Inhabitant of a plaster cast . . . (episode 91)

Garden snail.  Image by Simon Howden. http:freedigitalphotos.net

Garden snail. Image by Simon Howden.
http:freedigitalphotos.net

10 Forsythia Grove
Outer Hamlet
CORSETTSHIRE ZY6 4GT

June 17 2000

My Dear Ralph

I think I must be getting slightly better pet; I am able to summon the wherewithal to adopt my usual style of address. ‘Slightly’ is, however, the word. My plaster cast is weighing, literally, on my wrist and I have had to give up – among other things – swimming (plaster casts dissolve in water), cycling and driving. And while it is certainly – if eventually – possible to extract a full bag from the indoor bin; add/remove clothes to/from my person; get in and out of the bath; wash my hair, and deal with dirty crockery – none of these activities can be accomplished with my erstwhile ease and style.

And it is not just my left wrist (my writing wrist) which is out of action. Something is the matter with my ribs, which roll over each other when I climb into bed. Getting out of bed is only accomplished (without screaming) by pivoting myself on my right elbow. Yesterday, while out of doors and operating as a three-limbed gardener, I had to clear and re-plant (having removed the grass roots from the plants themselves) a whole bed of yellow irises. In the middle of all this turning and twisting, I was suddenly riven by an extremity of pain in my left-hand rib cage. It was lucky dear, that the garden owners were on holiday, for I myself had to stand – rooted – to the spot for quite some minutes waiting for the pain to abate. Furthermore, I am not sure that it is entirely svelte to be seen walking around town with my gardening kit stashed inside an elderly person’s trolley on which ‘Grunt with Bucket dot Com’ is printed. This, in days of yore – when I was in a relatively hale state of health – seemed to have rather an amusing ring to it. However, it is not so funny when one has to toil around town for miles and hang about at bus stops devoid of seating.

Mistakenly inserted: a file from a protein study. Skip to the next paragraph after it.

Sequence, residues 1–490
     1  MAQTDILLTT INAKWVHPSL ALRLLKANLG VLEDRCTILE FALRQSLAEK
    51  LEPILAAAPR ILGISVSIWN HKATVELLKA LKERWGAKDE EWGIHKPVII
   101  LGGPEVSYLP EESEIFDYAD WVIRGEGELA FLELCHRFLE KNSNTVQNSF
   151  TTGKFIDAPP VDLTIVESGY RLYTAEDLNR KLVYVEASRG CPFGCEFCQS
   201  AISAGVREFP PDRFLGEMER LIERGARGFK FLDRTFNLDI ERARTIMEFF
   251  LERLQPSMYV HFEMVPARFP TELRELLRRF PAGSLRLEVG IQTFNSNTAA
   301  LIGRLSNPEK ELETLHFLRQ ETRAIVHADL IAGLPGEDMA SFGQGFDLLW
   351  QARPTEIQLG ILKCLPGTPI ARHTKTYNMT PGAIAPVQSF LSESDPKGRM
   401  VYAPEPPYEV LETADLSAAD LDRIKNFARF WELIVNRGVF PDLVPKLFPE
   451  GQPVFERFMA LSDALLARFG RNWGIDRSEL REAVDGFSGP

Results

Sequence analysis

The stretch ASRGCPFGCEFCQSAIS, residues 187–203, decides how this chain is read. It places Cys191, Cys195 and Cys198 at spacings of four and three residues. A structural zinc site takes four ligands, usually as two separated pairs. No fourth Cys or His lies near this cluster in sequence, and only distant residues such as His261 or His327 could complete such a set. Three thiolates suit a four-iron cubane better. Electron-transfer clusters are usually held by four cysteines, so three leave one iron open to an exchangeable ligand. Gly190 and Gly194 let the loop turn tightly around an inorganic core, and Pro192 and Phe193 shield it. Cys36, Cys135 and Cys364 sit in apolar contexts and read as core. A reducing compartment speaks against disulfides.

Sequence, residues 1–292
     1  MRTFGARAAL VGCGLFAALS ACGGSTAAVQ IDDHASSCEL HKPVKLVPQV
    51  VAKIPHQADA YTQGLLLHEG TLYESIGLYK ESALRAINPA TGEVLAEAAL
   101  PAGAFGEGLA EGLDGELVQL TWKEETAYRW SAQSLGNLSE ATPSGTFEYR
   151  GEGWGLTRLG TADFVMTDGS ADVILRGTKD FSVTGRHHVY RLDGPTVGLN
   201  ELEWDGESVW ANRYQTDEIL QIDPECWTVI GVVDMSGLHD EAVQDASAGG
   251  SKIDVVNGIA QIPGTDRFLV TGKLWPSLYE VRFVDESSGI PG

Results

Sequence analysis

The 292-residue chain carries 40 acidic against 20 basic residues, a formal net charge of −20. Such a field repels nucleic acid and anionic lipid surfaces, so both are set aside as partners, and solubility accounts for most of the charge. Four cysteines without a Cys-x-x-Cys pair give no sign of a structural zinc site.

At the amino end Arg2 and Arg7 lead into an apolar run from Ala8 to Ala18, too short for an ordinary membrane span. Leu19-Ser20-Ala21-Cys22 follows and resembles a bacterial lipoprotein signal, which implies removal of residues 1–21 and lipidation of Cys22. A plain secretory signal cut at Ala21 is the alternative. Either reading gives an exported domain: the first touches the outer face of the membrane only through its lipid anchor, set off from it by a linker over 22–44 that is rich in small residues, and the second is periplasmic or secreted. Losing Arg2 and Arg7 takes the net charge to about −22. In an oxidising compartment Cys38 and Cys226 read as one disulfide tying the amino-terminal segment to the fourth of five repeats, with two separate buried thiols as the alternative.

I have also made my first trip to the Bright Litton NHS hospital fracture clinic. This was an experience as dispiriting as one might imagine, for it looked like those citizens with any financial status whatsoever had hoofed it over to the private WOPA premises in Marl Street – which left the rest of us. The rather grim-looking waiting room was coated in a shiny-looking shade of magnolia and we all seem to be crowded round a series of floor to ceiling structural supports, which lended a bunker-like feel to the whole experience. I was eventually called in however and the doctor did at least show me the latest set of wrist X-rays. Apparently the radius bone is fractured from one side to the other and, at 90 degrees to the fracture (and running towards the small wrist bones), is a further crack. Sigh. Apparently I can get shot of the plaster cast in another 14 days. I did not think it politic to mention pet that healing might be delayed by my somewhat over-zealous used of hand shears while engaged in some topiary last week. I think, next week, and having viewed these X-rays, that I might be confining my activities to snipping through thin green stems only.

However – in mitigation to all the above – I have been attending one or two very beautiful garden borders, which I have had a hand(!) in creating. And walking up and down the paths of cat mint, Penstemon ‘Garnet’ and Lady’s Mantle – through the hundreds of bees pollinating the flowers – has been a soul-soothing experience, of which I never tire. And, further on, down into the garden, are the lavenders and roses and Knautias planted to surround a Sweet Bay trimmed into a geometric shape. If there is a greater joy in Life than tending to sights such as this, then I have yet to find it.

Yours

Aunt Evangeline

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